Study of TAK-700 misses OS goal, but yields pathway for optimal care in mHSPC


Combining the novel agent TAK-700 with androgen-deprivation therapy (ADT) led to a numerical but not statistically significant improvement in overall survival (OS) versus ADT plus bicalutamide in patients with newly diagnosed metastatic hormone-sensitive prostate cancer (mHSPC), according to findings from the phase 3 SWOG S1216 trial. Despite missing the primary end point, a posthoc analysis uncovered a pathway for optimizing care in this patient population.1

The findings, which were presented at the 2021 ASCO Annual Meeting, showed that at a median follow-up of 4.9 years, the median OS was 81.1 months in the TAK-700 arm versus 70.2 months in the control arm (HR, 0.86; 95% CI, 0.72-1.02; P = .04). This 11+ month improvement in OS did not meet the trial’s prespecified criteria for statistical significance.

The investigators, led by Neeraj Agarwal, MD, conducted a posthoc analysis of the survival data because the median OS of 70.2 months in the control arm was much higher than expected. This OS for bicalutamide was 16 months higher than the investigators anticipated when designing the trial. The study hypothesis was that the control arm would achieve a 54-month median OS, Agarwal, a professor of Medicine at the Huntsman Cancer Institute, explained in an interview with Urology Times.

The posthoc analysis looked at subsequent use of life-prolonging therapies and found that 77% of patients in the control arm had received such treatments, compared with 61% of patients in the TAK-700 arm. “This may have resulted in the 70-month median OS in the control arm, which is the highest ever reported for patients on ADT alone, or in a non-intensified ADT arm, of all contemporary trials in mHSPC,” said Agarwal.

Commenting on the totality of findings from the primary and posthoc analyses, Agarwal said, “Results from SWOG S1216 portend great news for our patients with newly diagnosed mHSPC. These results show that early intensification of ADT in the mHSPC setting in combination with access to life-prolonging therapies in the metastatic castration-resistant prostate cancer setting is likely going to result in unprecedented overall survival benefits in our patients.”

TAK-700 is a specific 17,20-lyase inhibitor that does require steroids. The SWOG S1216 study included 1279 patients who were accrued between March 2013 and July 2017.

Baseline characteristics were well balanced between the study arms. In the TAK-700 arm,

the median age at baseline was 68 years (range, 46-90), the median PSA was 27.2ng/mL (range, 2-6710), 49% of patients had extensive disease, and 10% of patients were Black. Zubrod performance scores were 0 (65%), 1 (31%), 2 (3%), 3 (<1%), and missing (<1%). Gleason scores at initial diagnosis were <7 (7%), 7 (26%), 8 (19%), 9-10 (39%), and missing (9%).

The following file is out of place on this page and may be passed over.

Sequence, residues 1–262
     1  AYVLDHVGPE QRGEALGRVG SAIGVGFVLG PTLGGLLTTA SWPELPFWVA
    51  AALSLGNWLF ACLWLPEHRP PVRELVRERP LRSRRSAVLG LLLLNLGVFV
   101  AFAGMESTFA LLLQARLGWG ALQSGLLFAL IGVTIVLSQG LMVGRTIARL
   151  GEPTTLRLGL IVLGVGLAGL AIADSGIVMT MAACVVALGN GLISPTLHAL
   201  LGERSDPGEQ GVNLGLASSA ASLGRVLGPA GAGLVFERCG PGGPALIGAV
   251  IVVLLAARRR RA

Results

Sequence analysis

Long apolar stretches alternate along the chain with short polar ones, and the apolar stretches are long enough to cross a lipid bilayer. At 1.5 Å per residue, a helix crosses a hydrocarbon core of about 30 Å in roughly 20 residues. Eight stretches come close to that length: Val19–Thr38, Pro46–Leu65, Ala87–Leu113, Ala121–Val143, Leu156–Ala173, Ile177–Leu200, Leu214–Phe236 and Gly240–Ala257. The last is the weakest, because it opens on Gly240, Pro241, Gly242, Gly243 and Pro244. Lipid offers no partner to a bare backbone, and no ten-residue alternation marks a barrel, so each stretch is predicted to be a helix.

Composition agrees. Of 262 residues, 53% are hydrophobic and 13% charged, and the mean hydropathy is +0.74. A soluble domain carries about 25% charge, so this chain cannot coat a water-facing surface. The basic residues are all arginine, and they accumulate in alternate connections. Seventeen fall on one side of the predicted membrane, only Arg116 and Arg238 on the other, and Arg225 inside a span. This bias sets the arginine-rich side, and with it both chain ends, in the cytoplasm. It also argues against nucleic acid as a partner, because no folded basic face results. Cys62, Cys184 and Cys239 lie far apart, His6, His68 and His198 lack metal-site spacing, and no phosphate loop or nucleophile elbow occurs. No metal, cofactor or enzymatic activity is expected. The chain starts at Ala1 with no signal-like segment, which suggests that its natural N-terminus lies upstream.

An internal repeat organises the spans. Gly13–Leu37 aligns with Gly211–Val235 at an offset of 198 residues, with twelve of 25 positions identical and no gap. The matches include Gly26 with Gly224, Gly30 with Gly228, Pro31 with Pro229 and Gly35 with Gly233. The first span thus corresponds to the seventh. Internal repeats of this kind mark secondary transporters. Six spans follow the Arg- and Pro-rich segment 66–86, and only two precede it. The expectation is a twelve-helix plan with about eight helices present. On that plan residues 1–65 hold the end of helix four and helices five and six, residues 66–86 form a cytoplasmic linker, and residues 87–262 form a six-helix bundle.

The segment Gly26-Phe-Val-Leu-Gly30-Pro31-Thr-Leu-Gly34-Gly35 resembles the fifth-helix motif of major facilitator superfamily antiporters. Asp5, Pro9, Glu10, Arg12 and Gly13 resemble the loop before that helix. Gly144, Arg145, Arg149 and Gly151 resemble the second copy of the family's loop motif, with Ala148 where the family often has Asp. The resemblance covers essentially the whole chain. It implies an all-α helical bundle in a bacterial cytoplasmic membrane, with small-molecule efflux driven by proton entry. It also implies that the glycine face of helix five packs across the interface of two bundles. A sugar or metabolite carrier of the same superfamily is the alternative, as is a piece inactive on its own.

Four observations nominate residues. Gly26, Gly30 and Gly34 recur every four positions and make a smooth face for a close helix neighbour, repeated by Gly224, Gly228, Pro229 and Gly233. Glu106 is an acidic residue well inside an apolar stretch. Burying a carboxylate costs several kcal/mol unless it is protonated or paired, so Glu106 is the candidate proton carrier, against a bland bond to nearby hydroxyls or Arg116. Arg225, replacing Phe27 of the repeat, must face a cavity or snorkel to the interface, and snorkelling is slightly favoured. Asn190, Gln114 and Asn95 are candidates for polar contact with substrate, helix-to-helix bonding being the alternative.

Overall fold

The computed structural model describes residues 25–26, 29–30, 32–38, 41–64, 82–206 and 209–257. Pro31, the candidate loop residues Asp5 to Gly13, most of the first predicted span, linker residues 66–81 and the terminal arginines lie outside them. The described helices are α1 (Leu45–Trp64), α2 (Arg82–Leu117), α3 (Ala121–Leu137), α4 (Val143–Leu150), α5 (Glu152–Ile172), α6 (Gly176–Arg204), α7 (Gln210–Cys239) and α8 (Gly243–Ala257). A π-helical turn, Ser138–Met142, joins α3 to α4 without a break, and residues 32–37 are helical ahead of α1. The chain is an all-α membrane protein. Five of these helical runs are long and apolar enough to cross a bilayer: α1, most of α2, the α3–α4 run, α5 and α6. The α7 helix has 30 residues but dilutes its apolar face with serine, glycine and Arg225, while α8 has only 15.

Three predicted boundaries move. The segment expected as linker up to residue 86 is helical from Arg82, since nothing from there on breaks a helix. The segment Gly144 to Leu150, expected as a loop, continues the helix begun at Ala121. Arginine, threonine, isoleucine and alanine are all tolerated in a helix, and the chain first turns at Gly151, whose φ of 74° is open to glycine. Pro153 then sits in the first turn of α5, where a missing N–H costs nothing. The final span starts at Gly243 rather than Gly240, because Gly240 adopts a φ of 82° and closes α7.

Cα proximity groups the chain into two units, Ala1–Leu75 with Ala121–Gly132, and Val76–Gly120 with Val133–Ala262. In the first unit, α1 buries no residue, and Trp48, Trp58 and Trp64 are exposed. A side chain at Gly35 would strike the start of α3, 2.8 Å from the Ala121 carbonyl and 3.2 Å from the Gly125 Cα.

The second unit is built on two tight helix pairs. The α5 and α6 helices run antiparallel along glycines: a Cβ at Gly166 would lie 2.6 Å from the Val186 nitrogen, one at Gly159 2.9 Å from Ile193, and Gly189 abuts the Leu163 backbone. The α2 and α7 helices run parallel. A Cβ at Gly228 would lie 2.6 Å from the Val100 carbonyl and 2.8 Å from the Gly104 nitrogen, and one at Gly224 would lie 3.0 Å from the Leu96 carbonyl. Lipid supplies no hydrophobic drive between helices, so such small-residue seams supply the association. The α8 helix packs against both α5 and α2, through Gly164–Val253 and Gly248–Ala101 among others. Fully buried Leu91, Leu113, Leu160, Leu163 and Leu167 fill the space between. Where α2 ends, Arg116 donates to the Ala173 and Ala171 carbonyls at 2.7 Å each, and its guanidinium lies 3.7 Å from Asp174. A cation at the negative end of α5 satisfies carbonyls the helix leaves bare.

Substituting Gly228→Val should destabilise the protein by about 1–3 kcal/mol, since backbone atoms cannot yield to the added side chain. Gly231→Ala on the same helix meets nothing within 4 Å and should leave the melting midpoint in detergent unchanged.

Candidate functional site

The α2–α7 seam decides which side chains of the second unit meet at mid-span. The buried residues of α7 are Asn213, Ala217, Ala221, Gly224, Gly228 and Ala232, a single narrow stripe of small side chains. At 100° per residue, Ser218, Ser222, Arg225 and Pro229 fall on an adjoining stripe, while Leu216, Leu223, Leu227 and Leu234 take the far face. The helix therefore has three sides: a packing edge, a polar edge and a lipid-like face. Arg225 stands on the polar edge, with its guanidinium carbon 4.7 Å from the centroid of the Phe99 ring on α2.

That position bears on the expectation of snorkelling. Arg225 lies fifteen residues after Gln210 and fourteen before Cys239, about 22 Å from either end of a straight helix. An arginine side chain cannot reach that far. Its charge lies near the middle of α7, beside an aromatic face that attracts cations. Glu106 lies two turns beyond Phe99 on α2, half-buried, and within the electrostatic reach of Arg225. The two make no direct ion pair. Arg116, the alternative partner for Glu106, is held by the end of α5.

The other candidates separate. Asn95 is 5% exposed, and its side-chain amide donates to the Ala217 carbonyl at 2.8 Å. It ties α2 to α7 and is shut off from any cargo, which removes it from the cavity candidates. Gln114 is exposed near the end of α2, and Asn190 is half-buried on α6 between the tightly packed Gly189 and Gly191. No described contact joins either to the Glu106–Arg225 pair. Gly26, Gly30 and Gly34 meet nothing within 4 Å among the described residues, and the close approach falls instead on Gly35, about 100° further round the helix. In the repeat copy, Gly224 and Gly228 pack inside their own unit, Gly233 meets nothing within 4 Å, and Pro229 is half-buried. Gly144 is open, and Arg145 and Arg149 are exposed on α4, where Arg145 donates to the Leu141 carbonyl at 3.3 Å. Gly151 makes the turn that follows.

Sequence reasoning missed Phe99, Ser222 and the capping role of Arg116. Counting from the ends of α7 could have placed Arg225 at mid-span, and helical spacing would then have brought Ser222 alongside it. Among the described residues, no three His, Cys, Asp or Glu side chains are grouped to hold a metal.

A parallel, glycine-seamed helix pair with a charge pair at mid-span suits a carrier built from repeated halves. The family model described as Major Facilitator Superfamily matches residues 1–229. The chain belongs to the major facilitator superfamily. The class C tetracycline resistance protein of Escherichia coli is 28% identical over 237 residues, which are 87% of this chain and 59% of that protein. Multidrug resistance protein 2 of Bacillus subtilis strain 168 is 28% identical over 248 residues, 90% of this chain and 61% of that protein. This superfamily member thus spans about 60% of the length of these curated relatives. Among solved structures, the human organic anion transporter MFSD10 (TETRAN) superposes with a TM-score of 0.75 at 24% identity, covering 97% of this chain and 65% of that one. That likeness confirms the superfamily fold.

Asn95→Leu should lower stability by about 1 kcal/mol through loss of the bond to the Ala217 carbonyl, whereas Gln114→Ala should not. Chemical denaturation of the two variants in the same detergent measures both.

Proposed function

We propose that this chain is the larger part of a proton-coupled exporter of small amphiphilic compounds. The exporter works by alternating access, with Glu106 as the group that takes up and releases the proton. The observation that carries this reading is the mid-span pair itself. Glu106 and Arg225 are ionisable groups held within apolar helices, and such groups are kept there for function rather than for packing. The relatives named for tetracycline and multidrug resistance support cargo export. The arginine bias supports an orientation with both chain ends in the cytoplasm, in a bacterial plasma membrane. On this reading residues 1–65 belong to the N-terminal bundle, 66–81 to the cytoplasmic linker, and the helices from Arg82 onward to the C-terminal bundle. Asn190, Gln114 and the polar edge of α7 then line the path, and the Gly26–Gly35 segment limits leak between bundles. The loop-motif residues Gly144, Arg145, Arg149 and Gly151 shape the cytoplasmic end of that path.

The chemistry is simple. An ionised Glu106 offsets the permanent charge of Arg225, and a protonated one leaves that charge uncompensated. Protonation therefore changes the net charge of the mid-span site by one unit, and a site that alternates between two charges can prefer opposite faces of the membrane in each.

Patients were randomized in a 1:1 ratio to ADT plus either TAK-700 (n = 638; 300 mg twice daily) or bicalutamide (n = 641; 50 mg daily). The primary end point was OS. Key secondary end points included progression-free survival (PFS), PSA response at 7 months, and safety.

PFS and PSA response were significantly improved in the TAK-700 arm. The median PFS was 47.6 months in the TAK-700 arm versus 23 months in the bicalutamide arm, translating to a 42% reduction in the risk of disease progression or death (HR, 0.58; 95% CI, 0.51-0.67; P <.0001).

Regarding PSA response, 58.3% of patients in the TAK-700 arm reached a PSA ≤0.2 ng/ml compared with 44% of patients in the control arm. The PSA level ranged between 0.2 and 4 ng/ml in 22.3% versus 31.4% of the 2 arms, respectively. The PSA nonresponse rates (PSA >4.0 ng/ml) were 19% versus 25%, respectively.

Regarding safety, there were more grade 3/4 adverse events (AEs) in the TAK-700 arm versus the bicalutamide arm at 43% versus 14%, respectively. Of note, rates of grade 3/4 hypertension were 20% versus 5%, and rates of grade 3/4 fatigue were 5% versus 2%, respectively. There were 5 patient deaths in the TAK-700 arm compared with 1 in the control arm.

“It will be key moving forward to offer ADT intensification to all eligible patients. We cannot justify treating our patients with non-intensified ADT anymore. [Patients should receive intensified ADT] and then life-prolonging therapies, which are approved in castration-resistant prostate cancers. If you combine these two, you will see an unprecedented overall survival benefit for patients with newly diagnosed mHSPC,” concluded Agarwal. 


1. SWOG S1216: A phase III randomized trial comparing androgen deprivation therapy (ADT) plus TAK-700 with ADT plus bicalutamide in patients (pts) with newly diagnosed metastatic hormone-sensitive prostate cancer (mHSPC) (NCT01809691). J Clin Oncol 39, 2021 (suppl 15; abstr 5001). doi: 10.1200/JCO.2021.39.15_suppl.5001

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